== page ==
Warning: Some readers may find the content of this article upsetting and/or distressing
Cassondra Reynolds, 49, sadly lost her husband John nine years ago after he suffered from a cardiac arrest at their home.
John, dad to three boys, worked night shifts and would often have a high-caffeine energy drink on his way to work, to keep him awake throughout the night. But one morning, Cassondra woke to find her husband gasping for air. She quickly called 911 and performed CPR.
John was transported to hospital where he was put onto a life support machine and into a medically-induced coma. But tragically, just two weeks later, John was pronounced brain dead and Cassondra was left with the heart wrenching decision to turn his life support off.
Nearly a decade on from John's death and Cassondra, from California, is fighting to impose laws restricting the consumption of energy drinks.
"I just couldn't believe that it was happening. I was in a state of panic and shock because I had no idea what was happening to my husband," the mum recalled.
"I saw him turn from blue to grey and I was just praying that nothing would happen to him. John was healthy, he worked out every day, he had had a full physical examination the month prior and all his results came back fine.
"When he went to the hospital, the doctor told me that his sugar levels were sky high and were asking me all sorts of questions about his lifestyle, whether he took drugs and if he had any health issues.
"He was put in a medically induced coma and a therapeutic state of hypothermia to try and prevent any further damage to his brain caused by a lack of oxygen.
"Eventually, the doctor asked me if he drank energy drinks which I replied yes, but only once a day. He immediately explained that it only takes one energy drink to throw off the rhythm of your heart causing a heart arrhythmia."
Cassondra and John's sons were aged five, six and eight at the time their father passed away.
"When he was pronounced brain dead, I let my children come and visit him to say their goodbyes. I asked the nurse to remove as many wires as possible so that they wouldn't be scared," Cassondra continued.
"He was a really good dad and the best husband, watching him take his last breath was the most painful thing I have ever experienced. I felt like my heart was physically breaking.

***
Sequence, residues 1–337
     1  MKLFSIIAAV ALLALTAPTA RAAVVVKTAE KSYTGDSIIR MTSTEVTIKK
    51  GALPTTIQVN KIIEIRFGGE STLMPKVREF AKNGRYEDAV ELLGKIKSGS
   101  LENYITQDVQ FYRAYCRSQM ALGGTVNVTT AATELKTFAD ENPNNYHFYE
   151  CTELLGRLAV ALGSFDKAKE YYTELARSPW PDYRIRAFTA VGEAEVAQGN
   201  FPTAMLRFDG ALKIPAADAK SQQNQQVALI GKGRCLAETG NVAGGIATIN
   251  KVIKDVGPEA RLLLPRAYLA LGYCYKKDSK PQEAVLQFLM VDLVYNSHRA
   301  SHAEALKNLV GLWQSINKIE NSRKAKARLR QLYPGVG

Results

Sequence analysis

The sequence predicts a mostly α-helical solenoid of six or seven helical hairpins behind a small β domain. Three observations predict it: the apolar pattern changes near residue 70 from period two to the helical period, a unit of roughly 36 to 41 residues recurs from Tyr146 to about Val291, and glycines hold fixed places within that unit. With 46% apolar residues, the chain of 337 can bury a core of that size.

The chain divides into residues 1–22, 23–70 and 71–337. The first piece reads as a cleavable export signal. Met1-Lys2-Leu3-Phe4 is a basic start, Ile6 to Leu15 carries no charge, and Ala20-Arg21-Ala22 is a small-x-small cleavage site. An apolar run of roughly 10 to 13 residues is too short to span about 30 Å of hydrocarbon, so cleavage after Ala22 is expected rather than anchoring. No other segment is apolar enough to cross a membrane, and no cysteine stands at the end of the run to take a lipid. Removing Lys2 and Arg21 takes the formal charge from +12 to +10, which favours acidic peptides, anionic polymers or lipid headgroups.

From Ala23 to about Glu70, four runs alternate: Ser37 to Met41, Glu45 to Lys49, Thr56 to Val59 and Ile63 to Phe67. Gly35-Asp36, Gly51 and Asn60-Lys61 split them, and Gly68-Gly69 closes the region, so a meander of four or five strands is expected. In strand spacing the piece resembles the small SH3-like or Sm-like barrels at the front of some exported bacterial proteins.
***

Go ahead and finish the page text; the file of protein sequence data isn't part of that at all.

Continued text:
"He was the love of my life and my soul mate. You can't move on when your heart belongs to someone else.
"I told [the boys] three days prior he was going to be going to heaven and not able to come back home to us.
"They knew they were going to say goodbye but they were too young to really process and understand it all.
"Telling them that their Dad had passed away was the second hardest thing I've ever had to do, the first being turning off his life support.
"I sat there squeezing his hand and kissing him for 31 minutes as I watched all signs of life slowly leave this beautiful man's body. This man who was my everything."
Cassondra has now launched the Awareness Project which aims to raise awareness about the dangers of energy drinks and pre-workout supplements.
"If you suspect that your loved one has had an adverse reaction to these drinks, report it to your governing food agency. These drinks are not tested enough and there is no age limit in the US for who can buy these drinks," she explained.
"It's important people understand the dangers do not lay solely with the high caffeine and sugar content. It's the synergistic effect when these substances are COMBINED with the additional stimulants contained in energy drinks that appears to be causing so many cardiac issues.
"I have heard so many horror stories from parents whose children have died as a result of these drinks yet less than one per cent of energy drink related adverse effect and deaths are reported.
"The doctor told me that drinking energy drinks is like playing Russian roulette with your life and that really stuck with me.
"He was my only family, he was my everything and he was my soul mate and now he's gone".
The group that Cassondra started, 'Energy Drink and Pre-Workout Awareness', currently has 11,000 members on Facebook.
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